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I belong to this identity

When we were small, my father, Jan van der Westhuizen, took us along when he went to the Kalahari dunes to collect medicine from the pharmacy of nature. He told us to only pick what one went to collect, and no more, even when one came across other tempting plants and felt enticed to pick them as well.

Many plants carry numerous bulbs underground, but only certain bulbs do the work of healing.  One has to know which stem to follow down to which bulb, to not take the wrong one. Whenever one takes parts of a plant, a payment has to be made towards the gift, so one should leave something in the place of what was taken – some hair, or a small coin (a modern way), as token of your own possessions that you sacrifice. One should also never take an entire plant, but only a part, and leave the rest. There are male and female plants in nature – the male plants are used mainly for healing and the female for cleansing, bathing or skin disorders.


A plant should be picked at dusk only, when it is awake, active and happy about the day that was, observing the sunset. Before one takes from the plant, one should have a conversation with it – tell it what you came for and why it is needed. At this twilight time of picking – one’s shadow should not fall on the plant. This is how the plant senses that you are there – the shadow, not the vibration of your footsteps would cause the plant to shut down. The plant gets to recognise you and your purpose by your voice.

As we walked with my father, he would point out bushes that heal, whether usually seen as weeds or not. He brought his takings home in the sling-bag which he always carried. The healing power often comes from the plant leaves. One should best dry the leaves to access the healing properties, so the leaves are spread out in the sun. The dried leaves are made into a fine powder by sifting them through a stocking. The powder is eaten dry, or taken with water, or brewed like a tea. When the leaves are dried over coals, the smoke takes up the healing power. One could put a blanket over one’s head to inhale the potent smoke. One should have lots of water beforehand not to become intoxicated with the smoke and steam from the plant.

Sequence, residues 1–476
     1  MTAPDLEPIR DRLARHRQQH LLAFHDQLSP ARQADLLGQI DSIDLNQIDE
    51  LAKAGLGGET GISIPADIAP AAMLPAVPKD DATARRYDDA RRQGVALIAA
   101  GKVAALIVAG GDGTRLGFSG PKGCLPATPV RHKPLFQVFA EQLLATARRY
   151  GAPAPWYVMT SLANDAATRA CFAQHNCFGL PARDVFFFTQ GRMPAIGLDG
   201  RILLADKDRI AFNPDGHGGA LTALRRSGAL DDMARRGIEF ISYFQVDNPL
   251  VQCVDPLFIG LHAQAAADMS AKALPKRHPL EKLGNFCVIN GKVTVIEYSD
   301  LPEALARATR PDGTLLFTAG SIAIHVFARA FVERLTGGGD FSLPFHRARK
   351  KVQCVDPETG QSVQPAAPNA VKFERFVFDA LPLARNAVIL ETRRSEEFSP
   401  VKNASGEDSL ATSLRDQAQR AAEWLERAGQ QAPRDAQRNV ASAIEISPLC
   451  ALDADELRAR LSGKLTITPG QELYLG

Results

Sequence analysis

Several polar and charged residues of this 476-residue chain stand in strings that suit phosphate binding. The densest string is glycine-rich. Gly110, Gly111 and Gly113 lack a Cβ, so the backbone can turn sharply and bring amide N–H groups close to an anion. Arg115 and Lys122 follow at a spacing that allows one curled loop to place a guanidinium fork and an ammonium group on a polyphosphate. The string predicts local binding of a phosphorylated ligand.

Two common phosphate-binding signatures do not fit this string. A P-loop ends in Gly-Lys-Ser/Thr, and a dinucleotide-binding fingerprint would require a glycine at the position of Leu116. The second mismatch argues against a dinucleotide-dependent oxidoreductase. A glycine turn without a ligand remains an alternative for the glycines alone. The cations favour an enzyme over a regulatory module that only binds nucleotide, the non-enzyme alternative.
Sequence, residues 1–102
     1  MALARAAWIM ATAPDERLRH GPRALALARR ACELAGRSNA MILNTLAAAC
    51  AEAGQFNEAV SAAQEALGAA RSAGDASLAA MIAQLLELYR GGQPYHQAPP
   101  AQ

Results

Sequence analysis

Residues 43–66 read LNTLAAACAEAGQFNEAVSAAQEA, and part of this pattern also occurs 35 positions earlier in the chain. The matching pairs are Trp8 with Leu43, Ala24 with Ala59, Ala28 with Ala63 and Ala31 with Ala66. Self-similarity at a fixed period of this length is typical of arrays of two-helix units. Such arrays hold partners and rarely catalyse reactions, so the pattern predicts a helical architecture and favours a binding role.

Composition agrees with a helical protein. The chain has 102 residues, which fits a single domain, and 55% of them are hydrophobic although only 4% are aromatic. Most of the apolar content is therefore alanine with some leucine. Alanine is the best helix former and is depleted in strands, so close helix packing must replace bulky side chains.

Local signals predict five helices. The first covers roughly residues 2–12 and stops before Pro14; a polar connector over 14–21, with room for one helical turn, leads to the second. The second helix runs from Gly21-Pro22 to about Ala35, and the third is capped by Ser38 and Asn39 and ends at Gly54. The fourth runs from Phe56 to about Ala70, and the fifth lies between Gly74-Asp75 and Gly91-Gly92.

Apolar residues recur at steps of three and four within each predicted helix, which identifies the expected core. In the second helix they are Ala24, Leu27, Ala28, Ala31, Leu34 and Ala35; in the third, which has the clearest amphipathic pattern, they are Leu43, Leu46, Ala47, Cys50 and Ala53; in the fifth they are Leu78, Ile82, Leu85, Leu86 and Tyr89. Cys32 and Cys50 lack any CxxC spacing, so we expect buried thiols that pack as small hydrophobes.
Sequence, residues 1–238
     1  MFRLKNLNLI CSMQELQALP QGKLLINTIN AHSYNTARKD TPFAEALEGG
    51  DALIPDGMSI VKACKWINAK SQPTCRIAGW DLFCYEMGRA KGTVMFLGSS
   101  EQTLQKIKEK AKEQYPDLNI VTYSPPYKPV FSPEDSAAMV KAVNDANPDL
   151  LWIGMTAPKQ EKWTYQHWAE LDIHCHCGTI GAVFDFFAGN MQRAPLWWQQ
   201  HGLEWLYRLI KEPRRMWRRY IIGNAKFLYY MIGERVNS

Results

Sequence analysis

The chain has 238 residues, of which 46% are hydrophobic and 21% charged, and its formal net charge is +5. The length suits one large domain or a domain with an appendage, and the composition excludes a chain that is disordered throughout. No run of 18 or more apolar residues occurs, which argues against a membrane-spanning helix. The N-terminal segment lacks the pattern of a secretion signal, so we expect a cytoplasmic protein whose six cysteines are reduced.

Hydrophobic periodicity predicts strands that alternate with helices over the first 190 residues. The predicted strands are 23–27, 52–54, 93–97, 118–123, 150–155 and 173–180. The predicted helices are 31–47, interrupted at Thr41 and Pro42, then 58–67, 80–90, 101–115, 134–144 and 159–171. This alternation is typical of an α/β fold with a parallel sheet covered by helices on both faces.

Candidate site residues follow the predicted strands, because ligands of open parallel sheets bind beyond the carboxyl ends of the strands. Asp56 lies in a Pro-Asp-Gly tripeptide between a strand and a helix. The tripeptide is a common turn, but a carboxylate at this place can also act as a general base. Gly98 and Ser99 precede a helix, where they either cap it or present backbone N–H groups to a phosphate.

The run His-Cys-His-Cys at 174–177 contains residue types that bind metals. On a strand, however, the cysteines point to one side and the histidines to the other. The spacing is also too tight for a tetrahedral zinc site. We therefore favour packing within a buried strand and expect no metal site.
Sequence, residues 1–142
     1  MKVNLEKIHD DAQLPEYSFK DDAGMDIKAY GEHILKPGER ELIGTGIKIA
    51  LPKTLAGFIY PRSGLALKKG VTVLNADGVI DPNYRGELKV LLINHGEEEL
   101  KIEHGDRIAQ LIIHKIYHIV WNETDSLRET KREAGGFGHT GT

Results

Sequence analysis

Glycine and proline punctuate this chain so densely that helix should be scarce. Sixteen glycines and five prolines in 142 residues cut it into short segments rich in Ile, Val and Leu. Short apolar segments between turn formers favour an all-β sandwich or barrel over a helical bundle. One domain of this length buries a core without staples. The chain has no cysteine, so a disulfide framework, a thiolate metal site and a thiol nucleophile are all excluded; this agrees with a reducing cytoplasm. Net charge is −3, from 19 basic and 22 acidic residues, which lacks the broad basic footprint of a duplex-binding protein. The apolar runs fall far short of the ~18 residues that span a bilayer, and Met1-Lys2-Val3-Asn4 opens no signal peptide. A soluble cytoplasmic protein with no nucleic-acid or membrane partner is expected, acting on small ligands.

From the earliest time, I can remember, my dad was already in this business. He told us that as a child on the farm, he often had to run to get veld medicine for his grandfather, who later nicknamed him the healing herdsman. As my dad grew up, he started to do this not for himself, but for people who need healing from natural remedies and methods.

Before I came to !Khwa ttu as a trainee, my father told me that I should come here, even though I had a job. He was sick and I didn’t want to disappoint him, so I came. Everything for my dad was about the bushmen – he had a bushman mother and a German father. I was wondering if !Khwa ttu would be another dead end bushman street. When I was here for seven months, I got the notice of my father’s passing.

There was a reason I had to come here. When you are in a river, you flow with it. But it is different when you are a spectator. Kalahari kids come to this place in the Cape with an expectation to see the Cape but no, when they arrive here, they find themselves back in the Kalahari. From this distance at !Khwa ttu I see it for what it really is.

William van der Westhuizen, Land and Buildings Maintenance